One cannot see the modern world as it is unless one recognizes the overwhelming strength of patriotism, national loyalty. In certain circumstances it can break down, at certain levels of civilization it does not exist, but as a positive force there is nothing to set beside it. Christianity and international Socialism are as weak as straw in comparison with it. Hitler and Mussolini rose to power in their own countries very largely because they could grasp this fact and their opponents could not.
Take the rise of UKIP and their political insurgency in the U.K. (ably chronicled by Matthew Goodwin for those interested). You’re 80. You live with your wife in Leamington Spa. You take pleasures in the small things in life: your local football club, your local pub, your local friends, and your family. Is it so hard to imagine empathetically the sense of powerlessness which comes from immigration changing the fabric of all this as rising debt and house prices moving your family away? Change is scary and we’ve never changed more quickly. Some reading this maybe voted for David Cameron, who is a star purveyor of the new Robin Hood myth that the feckless poor are stealing from “the hardworking family” of political speech cliche. He claims that migrants are “swarming” and uses dog whistles constantly about race, welfare and “the other”. Why object to the chocolate cake when you like a Mars Bar pretty often?
It was a lefty- Marx, actually, the original lefty- who said that with capitalism “all that is solid melts into the air”. That includes free markets in labour (as Karl Polanyi masterfully points out in “The Great Transformation”). I just finished Michel Houllebecq’s “Submission“, a novel that satirizes and underlines the sense of nervousness around the pincer movement of Islamic militancy and the far-right. David Goodhart caught flak for asking whether multiculturalism undermined solidarity.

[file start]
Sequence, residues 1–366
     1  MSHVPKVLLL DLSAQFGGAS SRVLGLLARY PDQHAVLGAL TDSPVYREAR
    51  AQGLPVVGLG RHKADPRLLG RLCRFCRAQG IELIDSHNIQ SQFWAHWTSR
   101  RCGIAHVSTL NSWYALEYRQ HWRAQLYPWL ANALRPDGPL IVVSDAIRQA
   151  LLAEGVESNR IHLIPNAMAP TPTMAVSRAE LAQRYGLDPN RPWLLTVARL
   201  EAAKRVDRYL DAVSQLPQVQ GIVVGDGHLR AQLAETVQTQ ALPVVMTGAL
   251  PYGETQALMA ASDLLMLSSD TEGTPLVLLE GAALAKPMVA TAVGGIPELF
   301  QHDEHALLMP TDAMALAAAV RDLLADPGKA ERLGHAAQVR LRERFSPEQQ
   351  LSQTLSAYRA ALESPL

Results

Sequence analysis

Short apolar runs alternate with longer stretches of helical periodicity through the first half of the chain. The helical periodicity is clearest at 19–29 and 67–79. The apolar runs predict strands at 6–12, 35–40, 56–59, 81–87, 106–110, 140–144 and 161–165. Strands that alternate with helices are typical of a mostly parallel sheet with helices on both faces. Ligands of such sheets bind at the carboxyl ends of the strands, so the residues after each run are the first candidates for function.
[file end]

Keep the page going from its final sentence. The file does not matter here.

Whatever ones normative commitments to multiculturalism, immigration, ecumenicism, tolerance, equality etc, it does not behoove those on the left (or on the non-Trump Right) not to face the facts that confront us. Some accuse the Left of “loving humanity but not human beings” and Stuart Hall was pinned as the progenitor of New Labour for asking the Left to take Thatcherism’s appeal seriously, but is putting fingers in ears and muttering about class consciousness really an option? Is doubling down on economic critique helping Corbyn?
Now back to Trump. First of all, start with watching this political ad.
Racial politics in America have always been contentious. From Andrew Jackson, to Woodrow Wilson, to George Wallace, the politics of white resentment with populist economics has a long history. Anyone who has seen or read “All the King’s Men” will recognize Trump as a postmodern Russell or Huey Long.
Now add in the worst recession since the Great Depression, Black Lives Matter and police shootings dominating the airwaves, media attention to students championing race and gender equality, disfunction in Washington, marches for and against immigration, gay marriage, rising opiate addiction, and flatlining wages for working people.